On January 24, I took attendance in my third grade classroom the same way I had for the other four and a half months of the school year. I asked each student tell the class one positive thing and one negative thing that had happened since we had last seen each other.
This relatively innocuous exercise gave the kids the chance to practice their listening skills, and me the chance to take the first five or ten minutes of class time to settle in—a precious resource in teacherland.
Around the room the kids went, sharing positives from a new Lego set to staying awake an extra ten minutes at bed time, and negatives that mostly centered around siblings taking their toys.
Until we got to the last student, and Alex told the class his negative. “I was in the playground with my best friend yesterday after school, and someone came up to us and shouted the F and S words.”
An awed whisper went around my classroom—the F and S words are big no-nos, grown-up words that no kid dare utter.
“And then,” Alex continued, “he called my friend the N word.” Now there mostly confusion, until two girls raised their hands. “What’s the N word?”
I did not know it was possible to feel like your heart could stop until the days after Donald Trump’s election. Then, walking into a subway car and seeing a scrawled swastika on the wall or hearing my friend tell of a stranger mutter “faggot” as he walked by holding his boyfriend’s hand, I would feel a twisting contraction in my chest, a painful reminder of the intransigent hatred raising its head all over my country.
And now, facing my classroom of eight year-olds looking at me expectantly, waiting for me to tell what this N word is, and why someone would yell it at their friend on a public playground, the same sinking feeling clawed at my chest. Words matter, and I was about to introduce a new, terrible one into their young, innocent vocabulary.
I took a breath and looked at my kids. “You know how your grown-up will sometimes spend a really long time baking a cake? A super delicious yummy cake covered in perfect frosting?” (I was stalling, sure, but could you blame me? Besides, food metaphors work with kids: this is a proven fact.)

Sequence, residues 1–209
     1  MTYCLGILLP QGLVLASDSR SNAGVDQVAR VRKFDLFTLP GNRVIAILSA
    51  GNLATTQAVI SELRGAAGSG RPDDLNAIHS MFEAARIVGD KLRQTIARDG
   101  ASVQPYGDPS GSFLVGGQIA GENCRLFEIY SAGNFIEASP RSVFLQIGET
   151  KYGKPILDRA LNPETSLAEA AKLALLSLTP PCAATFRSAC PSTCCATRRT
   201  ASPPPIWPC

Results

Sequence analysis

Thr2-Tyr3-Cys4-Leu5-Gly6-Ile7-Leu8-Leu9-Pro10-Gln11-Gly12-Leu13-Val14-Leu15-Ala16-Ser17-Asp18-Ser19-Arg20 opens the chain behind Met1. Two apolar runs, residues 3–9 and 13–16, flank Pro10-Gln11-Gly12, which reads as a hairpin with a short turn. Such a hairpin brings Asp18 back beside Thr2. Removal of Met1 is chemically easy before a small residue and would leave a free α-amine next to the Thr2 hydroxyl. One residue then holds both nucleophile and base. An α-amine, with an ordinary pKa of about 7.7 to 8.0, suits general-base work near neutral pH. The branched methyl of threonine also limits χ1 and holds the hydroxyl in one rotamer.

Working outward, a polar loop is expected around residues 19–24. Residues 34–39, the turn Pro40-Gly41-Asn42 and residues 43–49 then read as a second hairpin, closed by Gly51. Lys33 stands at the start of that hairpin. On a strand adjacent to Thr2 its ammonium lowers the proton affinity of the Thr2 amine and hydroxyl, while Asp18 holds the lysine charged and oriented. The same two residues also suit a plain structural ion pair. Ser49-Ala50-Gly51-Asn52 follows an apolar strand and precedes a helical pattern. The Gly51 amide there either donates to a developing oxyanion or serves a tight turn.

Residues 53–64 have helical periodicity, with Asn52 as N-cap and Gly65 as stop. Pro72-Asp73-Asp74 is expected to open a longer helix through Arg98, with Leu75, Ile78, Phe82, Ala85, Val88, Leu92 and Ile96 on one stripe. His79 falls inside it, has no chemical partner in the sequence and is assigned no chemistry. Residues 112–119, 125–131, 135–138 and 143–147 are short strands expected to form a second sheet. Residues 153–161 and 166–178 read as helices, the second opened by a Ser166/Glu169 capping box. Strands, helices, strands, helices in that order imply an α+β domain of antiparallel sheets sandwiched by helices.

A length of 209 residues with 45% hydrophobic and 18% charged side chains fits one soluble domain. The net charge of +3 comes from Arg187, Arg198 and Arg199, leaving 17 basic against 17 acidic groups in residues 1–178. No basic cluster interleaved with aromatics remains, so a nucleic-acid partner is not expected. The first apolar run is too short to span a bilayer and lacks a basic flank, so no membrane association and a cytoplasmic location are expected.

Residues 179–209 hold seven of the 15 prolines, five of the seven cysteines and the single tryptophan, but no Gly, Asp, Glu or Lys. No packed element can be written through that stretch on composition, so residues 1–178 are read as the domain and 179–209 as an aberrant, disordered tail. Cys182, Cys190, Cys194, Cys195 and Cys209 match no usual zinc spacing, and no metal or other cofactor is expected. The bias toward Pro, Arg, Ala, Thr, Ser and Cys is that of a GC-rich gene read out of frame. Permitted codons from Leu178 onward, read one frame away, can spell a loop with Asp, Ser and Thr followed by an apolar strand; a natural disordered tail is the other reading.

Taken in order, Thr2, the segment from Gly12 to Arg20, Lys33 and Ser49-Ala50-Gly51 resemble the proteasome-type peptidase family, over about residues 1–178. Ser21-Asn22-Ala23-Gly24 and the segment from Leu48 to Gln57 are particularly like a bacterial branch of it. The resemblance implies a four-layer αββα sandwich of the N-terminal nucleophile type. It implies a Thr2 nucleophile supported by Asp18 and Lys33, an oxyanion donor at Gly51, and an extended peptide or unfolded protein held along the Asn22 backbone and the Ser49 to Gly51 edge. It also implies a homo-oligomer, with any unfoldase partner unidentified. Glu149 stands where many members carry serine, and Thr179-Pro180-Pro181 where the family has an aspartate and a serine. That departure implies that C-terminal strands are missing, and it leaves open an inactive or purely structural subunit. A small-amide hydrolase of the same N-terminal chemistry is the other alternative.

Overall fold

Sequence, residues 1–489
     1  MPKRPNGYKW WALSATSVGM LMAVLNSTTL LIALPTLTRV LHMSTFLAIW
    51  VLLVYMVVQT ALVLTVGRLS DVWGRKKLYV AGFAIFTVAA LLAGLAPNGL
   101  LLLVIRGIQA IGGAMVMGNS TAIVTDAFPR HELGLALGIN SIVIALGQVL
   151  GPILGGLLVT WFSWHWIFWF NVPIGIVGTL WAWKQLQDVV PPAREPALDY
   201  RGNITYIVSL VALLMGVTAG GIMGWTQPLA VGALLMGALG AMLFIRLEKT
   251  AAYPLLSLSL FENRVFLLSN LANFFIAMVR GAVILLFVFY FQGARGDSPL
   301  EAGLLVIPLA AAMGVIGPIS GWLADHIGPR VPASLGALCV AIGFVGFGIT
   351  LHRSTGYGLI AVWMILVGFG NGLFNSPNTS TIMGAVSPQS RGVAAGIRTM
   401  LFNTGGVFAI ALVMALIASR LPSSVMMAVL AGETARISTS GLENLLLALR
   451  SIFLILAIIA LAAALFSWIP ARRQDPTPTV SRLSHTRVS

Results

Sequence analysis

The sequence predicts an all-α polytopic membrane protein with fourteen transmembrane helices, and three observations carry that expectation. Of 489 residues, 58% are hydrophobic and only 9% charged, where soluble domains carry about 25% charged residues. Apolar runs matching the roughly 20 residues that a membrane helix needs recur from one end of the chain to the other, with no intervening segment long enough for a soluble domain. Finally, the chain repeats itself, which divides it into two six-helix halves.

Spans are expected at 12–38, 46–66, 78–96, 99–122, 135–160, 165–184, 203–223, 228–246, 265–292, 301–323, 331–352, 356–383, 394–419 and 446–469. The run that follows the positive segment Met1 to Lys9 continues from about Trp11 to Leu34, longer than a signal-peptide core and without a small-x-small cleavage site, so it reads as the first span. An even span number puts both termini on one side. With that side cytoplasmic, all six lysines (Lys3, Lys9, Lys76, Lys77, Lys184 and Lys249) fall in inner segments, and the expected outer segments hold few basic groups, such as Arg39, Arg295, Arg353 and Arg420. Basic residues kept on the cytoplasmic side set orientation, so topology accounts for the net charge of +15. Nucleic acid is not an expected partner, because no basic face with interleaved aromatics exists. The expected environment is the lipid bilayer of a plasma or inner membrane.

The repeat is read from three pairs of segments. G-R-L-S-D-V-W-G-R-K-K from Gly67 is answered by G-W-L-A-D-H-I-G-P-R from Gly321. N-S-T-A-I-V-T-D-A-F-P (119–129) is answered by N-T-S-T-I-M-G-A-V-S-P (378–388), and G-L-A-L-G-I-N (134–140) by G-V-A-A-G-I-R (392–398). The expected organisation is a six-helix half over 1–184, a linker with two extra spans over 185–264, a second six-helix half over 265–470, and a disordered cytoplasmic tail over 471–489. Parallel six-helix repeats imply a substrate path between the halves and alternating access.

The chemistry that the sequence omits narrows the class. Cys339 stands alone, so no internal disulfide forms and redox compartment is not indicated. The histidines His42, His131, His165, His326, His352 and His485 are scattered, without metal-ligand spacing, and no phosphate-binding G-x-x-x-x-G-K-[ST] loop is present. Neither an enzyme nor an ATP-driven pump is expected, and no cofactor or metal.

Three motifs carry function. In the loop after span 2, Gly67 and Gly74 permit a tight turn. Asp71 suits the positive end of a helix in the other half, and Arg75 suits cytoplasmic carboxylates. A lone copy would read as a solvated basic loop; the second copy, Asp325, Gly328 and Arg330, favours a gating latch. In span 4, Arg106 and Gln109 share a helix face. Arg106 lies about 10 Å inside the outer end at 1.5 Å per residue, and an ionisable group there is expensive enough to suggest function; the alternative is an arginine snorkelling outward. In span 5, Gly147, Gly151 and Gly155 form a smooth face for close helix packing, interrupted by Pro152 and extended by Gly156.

“And then, when that cake is beautiful and ready to eat, your grown up picks it up to take it to the table…and trips over the dog, and DROPS THE CAKE, FROSTING SIDE DOWN. Well, your grown up will probably be frustrated and might even say the F or S word.” The kids were nodding sagely; they all knew this level of grown up frustration. I was ready now for the cake-kicker: “is that word hurting anybody?”
They scrunched their faces. They thought. They shook their heads. Nope, they agreed, that was an expression of general grown up crankiness.
I took a deep breath. “Well, there’s another kind of bad word. And this kind of bad word is about people. Is it okay to say a bad word that means a bad thing about a type of person?”
They didn’t scrunch or stop to think. Eight year olds know. “No!”
It never is.
I thought of my kids during the opening weekend of the Major League Soccer season, when a segment of Atlanta United fans chanted “puto” at Red Bull’s goalie Luis Robles during goal kicks and the age-old argument over whether the word is homophobic or cultural came roaring back to fútbol life.
I am loud at fútbol matches. I have even been known to use the F and S words—in both English and Spanish. But no one around me would have felt unsafe by my insulting the Venezuelan national team’s poor form. No one would have wondered whether my words could possibly have led to action. No one—with the exception of Oswaldo Vizcarrondo—would have felt unwelcome in the stadium.
A group of fans screaming a targeted slur—because that’s what puto is, no matter how prettily you frame it; it’s a word defaming gay men—has all those potential implications.
As for the cultural argument? I certainly have plenty in my own culture, as a Jewish, American-born daughter of an Uruguayan immigrant (try finding a support group for that!) that I would argue is necessary to examine and move past. A history of slavery; decades of subsequent cultural and socially entrenched racism; of accepted casual misogyny; jeez, can I argue that Uruguayans eat way too much meat?? But because something was once culturally acceptable, even lauded, does not make it okay today. That is the reason women get to vote. And wear pants.
Mexican culture is incredibly rich (though if my Mexican cousins are reading this: we are still going to beat you in 2018—Celeste Noma!). If MLS fans want inspiration from our southern neighbors, there’s plenty to choose from that is not this. Catch one Liga MX game, with its pageantry, singing, talent, and drama, and you will get a taste of how much more is available.
It’s time to put puto to bed, once and for all. As fans of the game, as citizens of the world, as people sharing stadiums and passions and therefore responsible for one another’s emotional and physical safety, we owe each other this small thing. And it is small. Take up another chant. Have you seen your opposing goalie’s haircut? That alone is worth composing an ode to. I dare you to start singing.
Written by Jessie Losch
Featured image by Celso Flores.
The latest episode of the Don’t Call it Soccer podcast discusses this issue further, listen here: